More and more educators are discovering the importance of having their students build some form of digital presence. Blogging is an excellent way for students to create their own online space, but what do you call this?
- Simply a student blog?
- Digital portfolio?
- Learning showcase?
When I first started teaching in 2004, each of my grade one/two students had a scrapbook where they would paste their work samples each term. The goals of this process were: documentation, reflection, assessment and sharing with parents.
Often the same goals apply to the online equivalent of this scrapbook. But if we aren’t doing things any differently than 10-15 years ago, why are we bothering with student blogs? Why aren’t we still cutting and pasting in a scrapbook?
When blogs are used as more than substitution, they offer many advantages.
- Research tells us that student work is of a higher quality when it involves an authentic audience.
- The opportunity for feedback and discussion through an online presence is greater.
- There are many skills to do with writing online, using technology, understanding digital citizenship etc. that are not only useful for students to know, but required in most curriculum standards.
- Influencing your own digital footprints from a young age can be a powerful experience.
This post explores a range of approaches to student blogs and digital portfolios. We have included classroom examples, and encourage you to share your approach to student blogging in the comment section.
When To Set Up Student Blogs?
When I first started blogging in 2008, I didn’t really know what sort of blogging framework would work for me, but along the way I came up with a model that suited the age of the students, our combined experience, our objectives and our equipment.
The model I adopted was as follows:
- I established a class blog and wrote the posts, while teaching the students to write quality comments.
- As students became more familiar with blogging, some students start publishing guest posts on the class blog and learned posting skills.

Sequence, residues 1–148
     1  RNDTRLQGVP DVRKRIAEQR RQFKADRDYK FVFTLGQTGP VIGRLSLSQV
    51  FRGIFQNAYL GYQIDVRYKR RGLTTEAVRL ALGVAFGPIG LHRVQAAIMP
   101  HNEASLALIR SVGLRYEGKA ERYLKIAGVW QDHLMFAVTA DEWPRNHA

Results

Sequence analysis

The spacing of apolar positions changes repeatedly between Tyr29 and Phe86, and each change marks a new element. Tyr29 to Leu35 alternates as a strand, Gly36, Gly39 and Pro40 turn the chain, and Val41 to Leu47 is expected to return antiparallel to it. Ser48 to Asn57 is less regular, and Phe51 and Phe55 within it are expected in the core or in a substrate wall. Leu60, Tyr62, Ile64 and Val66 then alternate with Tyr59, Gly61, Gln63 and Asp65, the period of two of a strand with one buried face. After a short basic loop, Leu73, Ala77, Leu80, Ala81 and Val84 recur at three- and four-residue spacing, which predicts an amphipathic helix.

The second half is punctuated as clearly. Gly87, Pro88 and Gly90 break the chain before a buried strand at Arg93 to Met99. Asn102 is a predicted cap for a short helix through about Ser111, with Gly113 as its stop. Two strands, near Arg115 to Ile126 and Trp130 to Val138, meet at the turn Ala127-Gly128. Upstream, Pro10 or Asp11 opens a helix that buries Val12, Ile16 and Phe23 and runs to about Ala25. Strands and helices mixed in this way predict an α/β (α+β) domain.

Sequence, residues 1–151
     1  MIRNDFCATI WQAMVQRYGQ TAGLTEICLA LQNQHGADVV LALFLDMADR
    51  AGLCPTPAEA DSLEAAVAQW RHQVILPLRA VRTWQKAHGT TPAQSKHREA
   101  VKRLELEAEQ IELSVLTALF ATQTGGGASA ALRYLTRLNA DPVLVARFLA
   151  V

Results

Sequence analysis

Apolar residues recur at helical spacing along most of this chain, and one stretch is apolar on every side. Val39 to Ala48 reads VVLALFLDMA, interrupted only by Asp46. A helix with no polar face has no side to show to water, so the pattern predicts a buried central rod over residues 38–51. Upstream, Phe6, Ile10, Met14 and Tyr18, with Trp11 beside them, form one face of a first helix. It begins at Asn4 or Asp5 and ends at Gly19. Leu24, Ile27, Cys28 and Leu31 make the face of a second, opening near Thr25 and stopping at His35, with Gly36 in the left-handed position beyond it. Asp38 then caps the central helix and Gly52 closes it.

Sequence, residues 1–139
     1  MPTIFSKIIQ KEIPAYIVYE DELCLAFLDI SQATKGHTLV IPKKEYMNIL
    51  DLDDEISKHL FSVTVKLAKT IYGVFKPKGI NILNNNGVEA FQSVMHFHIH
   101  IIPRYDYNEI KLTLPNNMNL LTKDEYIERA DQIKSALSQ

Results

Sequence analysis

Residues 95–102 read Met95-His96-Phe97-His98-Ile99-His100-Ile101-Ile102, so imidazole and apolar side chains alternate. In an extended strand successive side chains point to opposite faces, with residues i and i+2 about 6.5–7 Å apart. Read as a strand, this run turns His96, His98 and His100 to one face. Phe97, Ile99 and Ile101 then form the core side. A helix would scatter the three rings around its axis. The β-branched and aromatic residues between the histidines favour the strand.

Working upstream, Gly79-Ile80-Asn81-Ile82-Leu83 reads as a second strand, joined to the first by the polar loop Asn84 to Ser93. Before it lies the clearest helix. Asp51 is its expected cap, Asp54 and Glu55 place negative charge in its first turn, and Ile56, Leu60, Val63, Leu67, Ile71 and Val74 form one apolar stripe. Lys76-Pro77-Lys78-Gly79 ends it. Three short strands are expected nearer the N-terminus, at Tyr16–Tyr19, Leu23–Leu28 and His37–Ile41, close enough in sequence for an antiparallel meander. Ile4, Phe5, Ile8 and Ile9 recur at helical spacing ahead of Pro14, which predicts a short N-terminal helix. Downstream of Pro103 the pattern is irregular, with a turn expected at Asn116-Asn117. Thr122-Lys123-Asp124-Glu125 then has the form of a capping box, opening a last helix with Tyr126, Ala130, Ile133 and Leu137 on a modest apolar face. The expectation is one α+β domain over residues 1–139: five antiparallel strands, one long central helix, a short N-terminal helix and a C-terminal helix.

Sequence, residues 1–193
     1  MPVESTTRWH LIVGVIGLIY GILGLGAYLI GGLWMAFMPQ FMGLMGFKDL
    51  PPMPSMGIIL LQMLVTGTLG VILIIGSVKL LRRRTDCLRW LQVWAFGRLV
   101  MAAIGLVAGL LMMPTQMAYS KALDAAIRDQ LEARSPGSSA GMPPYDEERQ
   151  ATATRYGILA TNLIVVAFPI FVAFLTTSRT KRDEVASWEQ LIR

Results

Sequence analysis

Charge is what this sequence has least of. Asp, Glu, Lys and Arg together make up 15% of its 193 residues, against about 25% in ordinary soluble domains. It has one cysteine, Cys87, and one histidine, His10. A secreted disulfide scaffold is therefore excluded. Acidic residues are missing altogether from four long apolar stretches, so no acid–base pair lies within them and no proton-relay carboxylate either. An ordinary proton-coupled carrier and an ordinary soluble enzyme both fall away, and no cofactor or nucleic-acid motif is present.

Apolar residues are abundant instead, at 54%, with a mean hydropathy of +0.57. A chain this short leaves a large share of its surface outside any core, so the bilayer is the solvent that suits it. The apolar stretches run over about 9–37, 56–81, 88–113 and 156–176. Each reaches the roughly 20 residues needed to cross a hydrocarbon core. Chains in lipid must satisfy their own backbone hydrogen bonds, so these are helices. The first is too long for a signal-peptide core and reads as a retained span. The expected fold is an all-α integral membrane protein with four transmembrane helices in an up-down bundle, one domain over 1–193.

- When I was teaching grade two, had limited computers and was new to student blogging, I didn’t think it was practical for all students to have have blogs. Instead, certain students who had demonstrated enthusiasm, parent support and blogging skills, earned their own blog. This added a new layer to the skill set of commenting and posting: maintaining a blog.
- When I was teaching grade four, had a one to one netbook program and had experience managing student blogs, I set up blogs for all students, as digital portfolios.
Many teachers begin their blogging journey with a class blog and perhaps progress from there. However, you can jump in at any point of this framework.
You might only be comfortable with having a class blog initially. There is certainly nothing wrong with this approach, although keep in mind that aiming to have more student involvement at some point in the future can be advantageous.
At the other end of the spectrum, you might have the confidence, experience and equipment to set up student blogs from day one. Go for it!
Whatever your approach, a class blog always complements a student blogging program. It provides a home base where you can post assignments, showcase student work, publish recounts, communicate to parents, establish community/global connections and more.
How To Set Up Student Blogs
We have many resources in our Edublogs Help Guides that will walk you through the process of setting up student blogs. Sue Waters’ five step guide to setting up student blogs is a good starting place.
One really useful feature on Edublogs, that takes the hassle out of the logistics of student blogs, is called My Class. This is a tool that allows you to:
- Easily create your student blogs after you’ve set up your class blog
- Control the privacy of the blogs and control moderation settings
- Read and/or moderate student posts and/or comments right from your own dashboard (no need to open up 25 tabs in your browser to keep track of what your students are up to)